9/11: Our Lost Border
It is a sad and grieving day today. Thinking of the relatives of the victims 10 years ago, is a reminder of our frail humanity. I also think of all the victims of the wars on terror as American seeks revenge. How come I do not feel safer and prouder of the state the world is in.
Canada lost 46 citizens and residents that fateful day. I read the brief notes on their live: in their prime, family oriented, productive people with whom so many of us can identify.
Life has changed for all of us in greater or lesser ways. Americans have changed more than Canadians. Americans have become less sure of themselves, fearful, less open to the World.
Before 9/11, Canadians admired Americans, even envied them in many ways, but now I think most Canadians feel badly for Americans and what their country has become. Some of us now pity our American cousins and hope they may overcome their fear and regain some of the best of the soul of America.
An ongoing affect of the tragedy of 9/11 ten years ago is the tranformation of the Canadian/American border. What was once a lightly guarded "picket fence" of a boundary has become a heavily guarded "wall" of a barrier. We were once neigbours who often spoke of each other as family and now we are foreigners to one another. This is particularly true from the American side. The US has been fear driven these past ten years, willing to sacrifice liberty for security. The Canadian government followed suit, not so much out of sense of fear of Canada being a terrorist target, but more out of a need to convince the Americans that we can match their concern for security. This has resulted in a thickening of the border. The changes to the border have made people crossing and commerce crossing more complicated. I miss the old border and the easy relationship across the border.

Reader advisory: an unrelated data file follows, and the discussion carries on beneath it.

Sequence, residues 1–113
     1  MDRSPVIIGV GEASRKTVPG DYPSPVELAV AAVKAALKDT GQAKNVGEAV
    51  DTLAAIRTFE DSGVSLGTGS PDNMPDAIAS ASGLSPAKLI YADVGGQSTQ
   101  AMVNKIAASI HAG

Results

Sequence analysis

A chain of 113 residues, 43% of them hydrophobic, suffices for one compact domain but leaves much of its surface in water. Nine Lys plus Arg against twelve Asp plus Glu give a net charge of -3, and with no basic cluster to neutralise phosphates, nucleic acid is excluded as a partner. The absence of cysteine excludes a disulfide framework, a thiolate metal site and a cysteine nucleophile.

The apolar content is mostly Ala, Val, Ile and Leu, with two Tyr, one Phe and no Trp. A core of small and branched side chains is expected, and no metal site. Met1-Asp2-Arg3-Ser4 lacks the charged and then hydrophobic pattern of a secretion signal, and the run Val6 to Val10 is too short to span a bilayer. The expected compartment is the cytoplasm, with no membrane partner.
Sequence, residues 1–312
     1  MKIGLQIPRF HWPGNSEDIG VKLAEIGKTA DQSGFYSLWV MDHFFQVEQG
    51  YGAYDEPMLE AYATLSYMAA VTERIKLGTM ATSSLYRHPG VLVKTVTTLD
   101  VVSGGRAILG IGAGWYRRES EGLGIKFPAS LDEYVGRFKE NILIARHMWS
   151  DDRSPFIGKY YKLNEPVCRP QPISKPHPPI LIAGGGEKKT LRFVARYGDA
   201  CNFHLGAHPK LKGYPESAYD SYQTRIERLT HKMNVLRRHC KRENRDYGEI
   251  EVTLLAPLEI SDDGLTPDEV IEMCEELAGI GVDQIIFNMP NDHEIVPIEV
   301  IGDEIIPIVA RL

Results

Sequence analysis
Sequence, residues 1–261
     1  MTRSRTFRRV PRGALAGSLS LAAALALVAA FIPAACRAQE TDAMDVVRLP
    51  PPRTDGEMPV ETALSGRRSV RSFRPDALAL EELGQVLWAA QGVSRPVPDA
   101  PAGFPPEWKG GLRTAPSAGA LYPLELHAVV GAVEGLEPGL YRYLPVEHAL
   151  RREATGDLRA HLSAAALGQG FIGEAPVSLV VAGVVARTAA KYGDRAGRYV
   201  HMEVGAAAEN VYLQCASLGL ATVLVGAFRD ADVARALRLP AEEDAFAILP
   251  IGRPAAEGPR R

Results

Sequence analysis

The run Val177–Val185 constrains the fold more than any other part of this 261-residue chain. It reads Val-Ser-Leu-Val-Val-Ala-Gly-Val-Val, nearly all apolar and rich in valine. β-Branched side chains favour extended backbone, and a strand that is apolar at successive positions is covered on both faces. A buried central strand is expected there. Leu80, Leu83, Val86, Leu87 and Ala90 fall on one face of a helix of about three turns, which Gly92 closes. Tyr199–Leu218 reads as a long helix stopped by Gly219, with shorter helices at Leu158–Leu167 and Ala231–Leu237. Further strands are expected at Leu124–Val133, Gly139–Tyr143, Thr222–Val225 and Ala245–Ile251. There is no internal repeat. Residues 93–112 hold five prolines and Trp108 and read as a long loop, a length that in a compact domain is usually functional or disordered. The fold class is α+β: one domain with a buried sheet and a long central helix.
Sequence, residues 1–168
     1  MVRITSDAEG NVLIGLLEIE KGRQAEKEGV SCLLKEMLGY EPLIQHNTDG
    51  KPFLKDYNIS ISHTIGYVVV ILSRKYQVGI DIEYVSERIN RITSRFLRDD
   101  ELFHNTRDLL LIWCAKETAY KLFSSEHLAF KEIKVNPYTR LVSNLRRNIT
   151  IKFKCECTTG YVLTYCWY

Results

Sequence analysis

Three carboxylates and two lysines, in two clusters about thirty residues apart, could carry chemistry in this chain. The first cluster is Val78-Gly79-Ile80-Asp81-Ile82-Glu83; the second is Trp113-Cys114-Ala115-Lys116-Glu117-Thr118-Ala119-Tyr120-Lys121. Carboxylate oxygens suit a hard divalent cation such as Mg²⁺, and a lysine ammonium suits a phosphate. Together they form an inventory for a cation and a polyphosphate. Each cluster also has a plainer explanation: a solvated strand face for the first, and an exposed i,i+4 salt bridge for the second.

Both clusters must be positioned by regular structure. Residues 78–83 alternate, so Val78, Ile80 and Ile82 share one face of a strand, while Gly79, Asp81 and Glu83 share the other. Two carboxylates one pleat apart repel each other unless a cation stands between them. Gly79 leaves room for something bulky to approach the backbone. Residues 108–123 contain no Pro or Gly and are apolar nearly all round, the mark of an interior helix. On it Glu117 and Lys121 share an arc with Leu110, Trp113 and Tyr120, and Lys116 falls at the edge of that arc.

During the Winter Olympics Tom Brokaw presented a view of Canada for the benefit of Americans. It is the view, most Canadian's grew up with (Canadians are much more aware of the border than the US as most of us live within 100 miles of it.) I suspect many Americans know little of Canada and give little thought to our relationship. I enjoyed this video
recognizing that in many ways it is only an introduction of what is a very complicated relationship.
I have crossed the border many times: at Niagara Falls, Buffalo, Detroit, Northwest, Ontario, the Akwesasne First Nation, an unguarded border crossing between Quebec and Vermont, and Calais, Me. Usually, the biggest worry I had was whether I would be asked to give up my oranges in order to cross (Canada get citrus products from many countries so the US protects it's citrus industry by banning these products). I once was questioned closely at a sleepy crossing because I had my tool box in the back of my truck The border guard thought I was going into the US to work illegally. The most dramatic moment I had was returning to the US at Calais, Me. This was the first time I ever saw a border agent wearing a side arm. He searched our vehicle thoroughly included making us open up our tent. He was looking for drugs I guess although he did not know what he was looking at when he looked in the glove compartment in which he saw a hash pipe. Luckily my friends buried their marijuana on the Canadian side to be picked up the next year on their way to PEI. With a birth certificate you usually were allowed to enter the country. I once forgot mine and was refused entry at the bridge at Detroit. I tried to prove my citizenship by saying I pronounced Toronto a "Traawna" just as I know the was an American by the way he called Detroit as "Da troit". Rather than drive four hours back to Toronto to get my ID I drove drove a few miles and crossed through the tunnel with no problem. Crossing the border was usually relaxed and routine: no lists, no passports, no detailed questioning.